05/04/2017, 20.04
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Pope acknowledges the "heroic virtues" of Cardinal Van Thuân, witness of hope

After 13 years in prison without trail, under harsh conditions, he was the "witness of hope", a theme to which he dedicated thoughts and writings. John Paul II said he spent a life “in coherent and heroic adherence to one's vocation", whilst Benedict XVI quoted him twice in Spe Salvi.

Vatican City (AsiaNews) – One more step has been taken toward the altars for Cardinal Phanxicô Xaviê (François Xavier) Nguyễn Văn Thuận. Today in fact, Pope Francis issued a decree recognising his heroic virtues.

Few have been as heroic as him, in our time, above all in the virtue of hope. After 13 years in prison, without trial and under harsh conditions, he was the "witness of hope" to which he dedicated thoughts and writings.

John Paul II said that he spent a life “in coherent and heroic adherence to one's vocation". Pope Benedict XVI quoted him twice in Spe Salvi to reiterate the view that whoever hopes is never alone. The German pope noted that, placed in isolation, the cardinal did not feel alone but was united to God in the prayer of hope, united to the pope, the Church, the diocese of which he was a pastor, united to all humanity.

The Servant of God Phanxicô Xaviê Nguyên Van Thuân, Cardinal of the Holy Roman Church, was born in Huê on 17 April 1928 and died on 16 September 2002, experienced martyrdom through the history of his own family, which was wiped out when their village was torched in 1885 because it was Christian. Only his maternal grandfather survived.

Brought up as a Christian, Van Thuân entered the seminary at the age of 13 and became a priest on 11 June 1953. He graduated in canon law in Rome in 1959 and returned to Vietnam to teach, run a seminary and act as vicar general in the Diocese of Nha Trang, of which he became bishop in 1967, at the age of 39. In 1975 he was appointed coadjutor archbishop of Saigon, a few days before the city fell to North Vietnam.

On 15 August 1975, the feast of the Assumption, he was arrested. He was dressed only in his cassock, and had a rosary in his pocket. By October, he was writing messages in jail, on a sheet of paper that a seven-year-old child, Quang, smuggled in. Those pages eventually became books, with hope as their central theme.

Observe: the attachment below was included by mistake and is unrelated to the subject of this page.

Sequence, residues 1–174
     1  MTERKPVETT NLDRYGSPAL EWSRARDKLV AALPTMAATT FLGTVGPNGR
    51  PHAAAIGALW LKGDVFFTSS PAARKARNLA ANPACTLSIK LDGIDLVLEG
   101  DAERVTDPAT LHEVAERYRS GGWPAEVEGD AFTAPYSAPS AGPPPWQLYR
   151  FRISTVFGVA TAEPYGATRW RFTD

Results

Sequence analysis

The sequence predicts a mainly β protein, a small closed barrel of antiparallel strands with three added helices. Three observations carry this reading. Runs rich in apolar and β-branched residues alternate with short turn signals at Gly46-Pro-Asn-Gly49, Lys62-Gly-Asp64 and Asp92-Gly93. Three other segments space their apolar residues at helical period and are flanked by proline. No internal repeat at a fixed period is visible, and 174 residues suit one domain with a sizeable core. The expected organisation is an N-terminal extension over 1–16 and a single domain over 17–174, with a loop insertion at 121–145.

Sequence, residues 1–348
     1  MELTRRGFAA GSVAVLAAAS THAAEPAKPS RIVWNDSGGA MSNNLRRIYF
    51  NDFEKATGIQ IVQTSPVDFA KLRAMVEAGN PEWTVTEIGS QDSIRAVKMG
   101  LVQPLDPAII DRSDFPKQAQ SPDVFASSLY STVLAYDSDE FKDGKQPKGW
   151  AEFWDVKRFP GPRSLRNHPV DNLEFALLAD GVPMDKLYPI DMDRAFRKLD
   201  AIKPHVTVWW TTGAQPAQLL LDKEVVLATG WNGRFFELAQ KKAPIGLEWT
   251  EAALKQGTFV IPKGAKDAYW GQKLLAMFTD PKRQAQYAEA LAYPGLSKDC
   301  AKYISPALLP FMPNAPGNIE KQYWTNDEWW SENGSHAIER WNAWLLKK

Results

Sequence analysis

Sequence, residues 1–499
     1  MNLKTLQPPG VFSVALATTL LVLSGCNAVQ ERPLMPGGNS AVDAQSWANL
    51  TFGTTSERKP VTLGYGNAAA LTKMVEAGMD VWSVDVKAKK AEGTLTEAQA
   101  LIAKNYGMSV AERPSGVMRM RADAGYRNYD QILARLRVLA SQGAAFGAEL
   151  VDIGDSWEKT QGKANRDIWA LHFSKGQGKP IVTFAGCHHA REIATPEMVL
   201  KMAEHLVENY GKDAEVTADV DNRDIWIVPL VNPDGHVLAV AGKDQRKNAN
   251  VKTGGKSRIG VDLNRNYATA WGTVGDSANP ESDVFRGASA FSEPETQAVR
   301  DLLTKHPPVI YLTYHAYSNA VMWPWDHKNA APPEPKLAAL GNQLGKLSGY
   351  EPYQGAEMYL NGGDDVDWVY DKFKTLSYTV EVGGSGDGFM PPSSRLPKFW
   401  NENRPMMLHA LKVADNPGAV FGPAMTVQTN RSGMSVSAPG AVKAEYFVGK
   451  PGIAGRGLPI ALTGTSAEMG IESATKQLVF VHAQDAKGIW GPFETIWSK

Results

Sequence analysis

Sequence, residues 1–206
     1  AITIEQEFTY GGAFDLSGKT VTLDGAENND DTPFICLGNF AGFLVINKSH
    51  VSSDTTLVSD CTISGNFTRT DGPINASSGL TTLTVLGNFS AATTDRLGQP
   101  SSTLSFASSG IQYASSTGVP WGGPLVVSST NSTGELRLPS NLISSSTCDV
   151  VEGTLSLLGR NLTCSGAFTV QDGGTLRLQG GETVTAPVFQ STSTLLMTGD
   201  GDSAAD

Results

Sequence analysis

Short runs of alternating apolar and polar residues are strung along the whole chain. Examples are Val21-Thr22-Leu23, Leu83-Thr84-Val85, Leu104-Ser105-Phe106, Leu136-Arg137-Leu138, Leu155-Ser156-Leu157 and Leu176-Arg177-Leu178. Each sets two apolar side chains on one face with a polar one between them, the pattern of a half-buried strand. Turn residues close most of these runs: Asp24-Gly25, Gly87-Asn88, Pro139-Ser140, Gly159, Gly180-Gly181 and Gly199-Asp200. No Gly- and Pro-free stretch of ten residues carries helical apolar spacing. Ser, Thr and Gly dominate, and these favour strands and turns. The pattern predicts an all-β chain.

He spent 13 years in prison without trial. From Saigon, he was moved shackled to Nha Trang, then to the Vinh-Quang re-education camp in the mountains. Those were hard times.

He was held in solitary confinement for nine years, watched by two guards only for him. Since he could not have a Bible, he scrounged for whatever paper he could find to transcribe about 300 Gospel passages he knew by heart.

He celebrated Mass using the palm of his hand as chalice with three drops of wine and one of water. He got the wine from his family, saying it was to treat his stomach ache. His relatives realised what he meant and sent him a bottle of wine with the label "medicine against stomach ache". He kept consecrated bread crumbs in cigarette packs.

He was still in isolation in Hanoi when he got a fish to cook, wrapped up in two pages of "L’Osservatore Romano", which police confiscated when it arrived by mail. He cleaned out the two page and dried them in the sun, as a sign of union with Rome and the pope.

The authorities were concerned about his goodness and his attitude of love towards his persecutors, fearing that the guards might be won over. For this reason, they were changed every two weeks.

In one prison, a guard allowed him to carve a piece of wood into a cross. In another he got a piece of electric wire with which he made a chain to carry his cross. Nguyen Van Thuân never separated from that cross and that chain. Not even in Rome, when he was a cardinal.

He was released on 21 November 1988 and later expelled. He arrived in Rome in 1991. John Paul II appointed him as head of the Pontifical Council for Justice and Peace, calling him in 2000 to perform the spiritual exercises to the Roman Curia and in 2001 made him a cardinal.

He died on 16 September 2002 after a long battle with a rare form of cancer. He said once, "I dream a Church that has in the heart the fire of the Holy Spirit. Wherever the Spirit is, there is freedom, sincere dialogue with the world, and especially with young people, with the poor and marginalised."

His process of beatification began at the diocesan level in 2007, ending on 5 July 2013. The Vietnamese government does not want him to be beatified.

A witness to the process, literary critic Nguyên Hoang Duc was invited to the Vatican for the final ceremony marking the end of the diocesan phase. However, he was prevented from embarking on the plane. It would seem that hope and faith continue to cause fear. (FP)

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